The first Welcome Baby to Country event took place at Gold Coast University Hospital today, 5 November 2020, to help Aboriginal and Torres Strait Islander families connect to country and culture.
The Gold Coast Health event was organised by the Waijungbah Jarjums Midwifery Service, a service that connects Aboriginal and Torres Islander parents with an Aboriginal and Torres Islander midwife, child health nurse and health worker from conception to the first 1000 days.
In the Gold Coast University Hospital Parklands, babies were welcomed to country by being carried through smoke in a traditional smoking ceremony and then painted with ochre.
It was a special moment for six-month-old Boston Cox’s parents Purdey and David.
“You don’t always get to connect with community, you just get busy with daily life and work,” Purdey said. “So it was really beautiful to come and be a part of it and meet other people.”
Purdey and David used the Waijungbah Jarjums Midwifery Service, a new service for Gold Coast Health which was launched in January.
**Service leader and clinical midwife consultant Cassandra Nest co-led the design and development of the Waijungbah Jarjums model of care alongside the Aboriginal and Torres Strait Islander community of the Gold Coast.
“Waijungbah Jarjums is one of the only services in Gold Coast Health that has been built from the ground up along-side the Aboriginal and Torres Strait Islander community,” Cassie said.
“When we look at the Aboriginal and Torres Strait Islander view of health, it is a holistic view. It encompasses social and emotional health as well as the health and wellbeing of the individual and the community.
“Days like today, strengthen the community.”
For the Cox family, this has meant their midwife became a part of the family.
David said he valued the service’s inclusion of fathers through the Deadly Dads program.
That included learning to play the didgeridoo, painting and making boomerangs, but more than that, it was being able to connect with other Aboriginal and Torres Strait Islander fathers.
“Just having a yarn, everyone is talking about where they have come from and what journey they are on” he said.
The mothers’ yarning group connected through basket and jewellery making with local Aunties.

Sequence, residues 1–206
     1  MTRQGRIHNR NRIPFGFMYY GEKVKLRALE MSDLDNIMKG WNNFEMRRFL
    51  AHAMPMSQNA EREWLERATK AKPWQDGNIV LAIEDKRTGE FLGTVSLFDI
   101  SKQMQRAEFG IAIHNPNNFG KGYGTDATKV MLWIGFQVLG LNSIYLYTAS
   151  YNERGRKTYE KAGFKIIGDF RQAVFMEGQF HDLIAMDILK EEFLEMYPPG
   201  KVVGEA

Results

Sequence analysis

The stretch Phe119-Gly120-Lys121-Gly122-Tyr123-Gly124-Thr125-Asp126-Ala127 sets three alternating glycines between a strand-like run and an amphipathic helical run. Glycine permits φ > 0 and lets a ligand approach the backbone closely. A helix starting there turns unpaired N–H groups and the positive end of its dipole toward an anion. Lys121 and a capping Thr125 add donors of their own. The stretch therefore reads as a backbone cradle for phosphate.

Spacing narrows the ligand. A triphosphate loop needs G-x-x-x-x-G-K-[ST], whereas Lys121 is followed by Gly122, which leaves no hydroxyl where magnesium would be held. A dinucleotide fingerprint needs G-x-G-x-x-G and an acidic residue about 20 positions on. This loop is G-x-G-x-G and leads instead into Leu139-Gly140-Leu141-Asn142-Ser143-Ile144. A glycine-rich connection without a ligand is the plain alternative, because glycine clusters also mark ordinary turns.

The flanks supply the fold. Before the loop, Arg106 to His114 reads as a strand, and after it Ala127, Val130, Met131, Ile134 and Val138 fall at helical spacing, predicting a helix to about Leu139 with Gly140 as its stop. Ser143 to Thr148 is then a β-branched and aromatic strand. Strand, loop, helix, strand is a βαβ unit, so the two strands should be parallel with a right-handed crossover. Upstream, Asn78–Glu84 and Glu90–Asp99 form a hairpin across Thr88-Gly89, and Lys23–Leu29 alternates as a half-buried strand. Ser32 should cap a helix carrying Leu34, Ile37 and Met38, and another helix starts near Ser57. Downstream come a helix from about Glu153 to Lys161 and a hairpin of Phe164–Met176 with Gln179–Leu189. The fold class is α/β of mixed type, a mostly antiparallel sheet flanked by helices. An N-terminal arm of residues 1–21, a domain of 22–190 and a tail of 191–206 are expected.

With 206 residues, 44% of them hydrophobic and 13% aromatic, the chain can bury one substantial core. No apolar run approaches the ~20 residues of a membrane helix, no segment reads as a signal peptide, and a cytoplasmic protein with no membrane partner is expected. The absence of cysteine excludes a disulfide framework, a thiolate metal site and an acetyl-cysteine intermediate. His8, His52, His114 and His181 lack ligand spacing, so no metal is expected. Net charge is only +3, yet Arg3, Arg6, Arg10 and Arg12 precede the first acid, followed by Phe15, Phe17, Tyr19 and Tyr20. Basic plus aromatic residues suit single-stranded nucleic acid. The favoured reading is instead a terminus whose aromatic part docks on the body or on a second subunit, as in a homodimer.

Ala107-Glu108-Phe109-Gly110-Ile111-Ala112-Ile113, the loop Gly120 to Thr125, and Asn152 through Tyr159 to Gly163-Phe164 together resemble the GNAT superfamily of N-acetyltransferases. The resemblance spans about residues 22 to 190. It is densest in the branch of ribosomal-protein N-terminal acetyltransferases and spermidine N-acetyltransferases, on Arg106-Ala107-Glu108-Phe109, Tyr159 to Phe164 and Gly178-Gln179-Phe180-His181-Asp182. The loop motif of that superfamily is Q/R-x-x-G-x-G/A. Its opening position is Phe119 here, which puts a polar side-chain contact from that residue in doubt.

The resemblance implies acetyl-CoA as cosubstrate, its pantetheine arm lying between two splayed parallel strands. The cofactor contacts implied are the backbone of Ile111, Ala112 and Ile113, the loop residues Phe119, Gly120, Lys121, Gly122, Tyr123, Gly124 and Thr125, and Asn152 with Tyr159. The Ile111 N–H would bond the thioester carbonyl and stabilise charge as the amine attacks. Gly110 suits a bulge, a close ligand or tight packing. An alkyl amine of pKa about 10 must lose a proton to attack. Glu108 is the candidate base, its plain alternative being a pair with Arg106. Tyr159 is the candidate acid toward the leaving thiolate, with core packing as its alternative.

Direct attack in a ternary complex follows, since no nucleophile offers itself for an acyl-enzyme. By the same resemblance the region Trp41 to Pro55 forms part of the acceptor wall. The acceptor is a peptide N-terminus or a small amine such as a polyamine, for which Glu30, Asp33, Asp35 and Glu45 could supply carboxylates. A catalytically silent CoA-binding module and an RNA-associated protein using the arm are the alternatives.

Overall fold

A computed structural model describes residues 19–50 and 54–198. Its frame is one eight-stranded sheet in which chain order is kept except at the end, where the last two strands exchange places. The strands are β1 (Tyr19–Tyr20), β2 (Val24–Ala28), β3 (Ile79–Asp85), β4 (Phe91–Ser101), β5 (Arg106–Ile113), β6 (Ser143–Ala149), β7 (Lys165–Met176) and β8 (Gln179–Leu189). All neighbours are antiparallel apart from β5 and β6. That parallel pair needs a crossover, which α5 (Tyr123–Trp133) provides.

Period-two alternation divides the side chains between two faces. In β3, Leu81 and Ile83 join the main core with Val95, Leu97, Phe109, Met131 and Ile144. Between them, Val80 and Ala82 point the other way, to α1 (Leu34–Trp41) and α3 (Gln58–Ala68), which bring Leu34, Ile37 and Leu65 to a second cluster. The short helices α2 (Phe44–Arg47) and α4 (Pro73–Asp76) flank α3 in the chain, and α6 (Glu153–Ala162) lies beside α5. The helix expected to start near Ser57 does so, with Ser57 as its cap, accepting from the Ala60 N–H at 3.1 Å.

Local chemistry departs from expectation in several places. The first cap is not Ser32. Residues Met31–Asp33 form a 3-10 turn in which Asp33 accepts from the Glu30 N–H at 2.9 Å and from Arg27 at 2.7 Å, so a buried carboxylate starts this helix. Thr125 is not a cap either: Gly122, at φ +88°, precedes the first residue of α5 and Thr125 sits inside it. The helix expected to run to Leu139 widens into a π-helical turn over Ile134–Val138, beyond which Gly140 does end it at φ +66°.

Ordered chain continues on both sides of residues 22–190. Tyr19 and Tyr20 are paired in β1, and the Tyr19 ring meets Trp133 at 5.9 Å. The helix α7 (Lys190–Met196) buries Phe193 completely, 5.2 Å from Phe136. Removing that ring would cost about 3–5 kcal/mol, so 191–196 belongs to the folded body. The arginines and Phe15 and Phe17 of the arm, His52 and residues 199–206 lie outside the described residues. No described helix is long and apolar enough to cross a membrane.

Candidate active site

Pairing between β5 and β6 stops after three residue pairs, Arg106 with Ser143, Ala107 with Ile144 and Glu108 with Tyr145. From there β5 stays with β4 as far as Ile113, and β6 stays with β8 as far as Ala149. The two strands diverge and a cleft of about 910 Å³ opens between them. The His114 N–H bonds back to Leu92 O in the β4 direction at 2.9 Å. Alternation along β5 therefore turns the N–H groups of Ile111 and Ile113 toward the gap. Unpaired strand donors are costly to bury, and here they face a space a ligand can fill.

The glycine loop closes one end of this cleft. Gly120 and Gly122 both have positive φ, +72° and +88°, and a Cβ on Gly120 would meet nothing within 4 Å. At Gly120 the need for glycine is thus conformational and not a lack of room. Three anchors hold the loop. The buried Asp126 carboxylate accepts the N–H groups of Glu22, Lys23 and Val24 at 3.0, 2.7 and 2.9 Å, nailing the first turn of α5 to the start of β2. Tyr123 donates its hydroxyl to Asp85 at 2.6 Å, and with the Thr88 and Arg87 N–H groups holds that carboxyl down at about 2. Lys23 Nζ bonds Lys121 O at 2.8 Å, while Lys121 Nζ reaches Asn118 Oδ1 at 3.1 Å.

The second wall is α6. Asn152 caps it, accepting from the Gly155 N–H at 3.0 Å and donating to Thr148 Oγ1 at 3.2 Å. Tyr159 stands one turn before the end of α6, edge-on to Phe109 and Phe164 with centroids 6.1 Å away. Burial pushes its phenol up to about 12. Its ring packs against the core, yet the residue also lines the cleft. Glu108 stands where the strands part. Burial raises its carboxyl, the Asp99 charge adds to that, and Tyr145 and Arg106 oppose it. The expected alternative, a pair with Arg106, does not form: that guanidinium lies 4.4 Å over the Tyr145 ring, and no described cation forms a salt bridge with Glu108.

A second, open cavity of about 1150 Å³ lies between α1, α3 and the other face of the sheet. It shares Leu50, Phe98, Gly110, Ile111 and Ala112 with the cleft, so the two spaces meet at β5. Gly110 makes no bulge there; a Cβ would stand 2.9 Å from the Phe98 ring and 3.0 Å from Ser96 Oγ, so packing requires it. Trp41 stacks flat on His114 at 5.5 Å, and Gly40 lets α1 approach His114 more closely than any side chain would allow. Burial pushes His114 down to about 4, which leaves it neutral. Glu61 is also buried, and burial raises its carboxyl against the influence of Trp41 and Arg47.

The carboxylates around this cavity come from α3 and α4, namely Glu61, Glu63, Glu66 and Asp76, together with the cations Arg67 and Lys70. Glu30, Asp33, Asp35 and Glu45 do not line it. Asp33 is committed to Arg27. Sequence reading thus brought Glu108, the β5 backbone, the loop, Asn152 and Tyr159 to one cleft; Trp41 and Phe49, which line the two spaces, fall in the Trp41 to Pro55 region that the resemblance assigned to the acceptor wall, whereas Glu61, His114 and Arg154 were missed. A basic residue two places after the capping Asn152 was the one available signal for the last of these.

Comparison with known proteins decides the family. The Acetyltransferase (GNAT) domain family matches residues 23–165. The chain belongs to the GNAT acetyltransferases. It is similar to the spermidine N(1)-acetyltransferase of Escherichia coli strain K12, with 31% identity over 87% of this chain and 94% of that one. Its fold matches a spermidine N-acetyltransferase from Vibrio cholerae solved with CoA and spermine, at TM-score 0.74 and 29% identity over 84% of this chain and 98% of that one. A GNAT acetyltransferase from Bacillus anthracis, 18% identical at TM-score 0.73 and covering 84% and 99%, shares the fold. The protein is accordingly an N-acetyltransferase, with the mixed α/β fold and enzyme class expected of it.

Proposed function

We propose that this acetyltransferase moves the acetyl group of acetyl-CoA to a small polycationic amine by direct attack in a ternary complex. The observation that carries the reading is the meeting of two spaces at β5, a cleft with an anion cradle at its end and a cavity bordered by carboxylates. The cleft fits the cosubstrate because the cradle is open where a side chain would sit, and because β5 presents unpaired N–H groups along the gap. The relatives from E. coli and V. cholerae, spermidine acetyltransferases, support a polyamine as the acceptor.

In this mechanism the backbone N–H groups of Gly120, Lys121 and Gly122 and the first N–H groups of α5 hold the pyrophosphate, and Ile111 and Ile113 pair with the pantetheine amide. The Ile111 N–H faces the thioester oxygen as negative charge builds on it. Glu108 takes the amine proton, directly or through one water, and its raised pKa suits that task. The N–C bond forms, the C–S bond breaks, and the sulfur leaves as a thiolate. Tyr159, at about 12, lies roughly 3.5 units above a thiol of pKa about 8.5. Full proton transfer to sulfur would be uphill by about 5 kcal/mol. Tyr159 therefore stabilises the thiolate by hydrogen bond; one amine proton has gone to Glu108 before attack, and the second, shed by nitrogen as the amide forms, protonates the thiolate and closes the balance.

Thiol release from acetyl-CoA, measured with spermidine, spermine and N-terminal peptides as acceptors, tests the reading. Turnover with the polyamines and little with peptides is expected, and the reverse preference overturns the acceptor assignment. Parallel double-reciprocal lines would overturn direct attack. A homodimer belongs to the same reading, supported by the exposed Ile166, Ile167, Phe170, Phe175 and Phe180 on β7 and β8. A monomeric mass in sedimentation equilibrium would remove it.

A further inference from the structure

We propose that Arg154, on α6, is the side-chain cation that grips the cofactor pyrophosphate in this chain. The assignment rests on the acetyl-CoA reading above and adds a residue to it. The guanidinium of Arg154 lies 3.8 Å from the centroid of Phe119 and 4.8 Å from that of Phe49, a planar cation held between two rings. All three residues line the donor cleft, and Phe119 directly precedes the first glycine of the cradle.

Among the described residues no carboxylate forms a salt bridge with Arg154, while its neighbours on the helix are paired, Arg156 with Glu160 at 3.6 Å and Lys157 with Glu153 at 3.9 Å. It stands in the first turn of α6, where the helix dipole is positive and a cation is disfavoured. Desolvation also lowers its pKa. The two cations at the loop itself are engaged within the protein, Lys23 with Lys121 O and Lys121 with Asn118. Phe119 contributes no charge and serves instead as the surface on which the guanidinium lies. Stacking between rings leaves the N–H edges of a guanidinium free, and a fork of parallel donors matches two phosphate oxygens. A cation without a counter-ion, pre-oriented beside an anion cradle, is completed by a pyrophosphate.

Beyond strengthening cultural connections, the service has changed families’ experiences with Gold Coast Health and improved outcomes for Aboriginal and Torres Strait Islander mothers and babies.
“We found our women were more likely to attend antenatal appointments because of the engagement they had with an Aboriginal and Torres Strait Islander midwife,” Cassie said.
“The women were more likely to have an antenatal appointment in the first 12 weeks and they were less likely to smoke.
“Our mums were six times less likely to have their baby prematurely which is important because it is one of the most difficult things to make an impact on.
“We have been able to make an immense difference in a short amount of time.”
• The service currently has five midwives, a clinical midwife consultant (Cassandra Nest), two child health nurses and two health workers.
• It was piloted from January to June, 2020, and has received ongoing funding to continue.
• 50 women accessed the service during the pilot period
• Women who participated in the pilot were found to be;
- More likely to attend antenatal appointments because of the engagement they had with an Aboriginal and Torres Strait Islander Midwife.
- More likely to attend an antenatal appointment in the first 12 weeks
- Were less likely to smoke.
- Six times less likely to have their baby prematurely
- 11 times less likely to have low birth weight baby.
- Less likely to have a baby admitted to the NICU which saved more than 400 beds days and $1.5 million for the health service.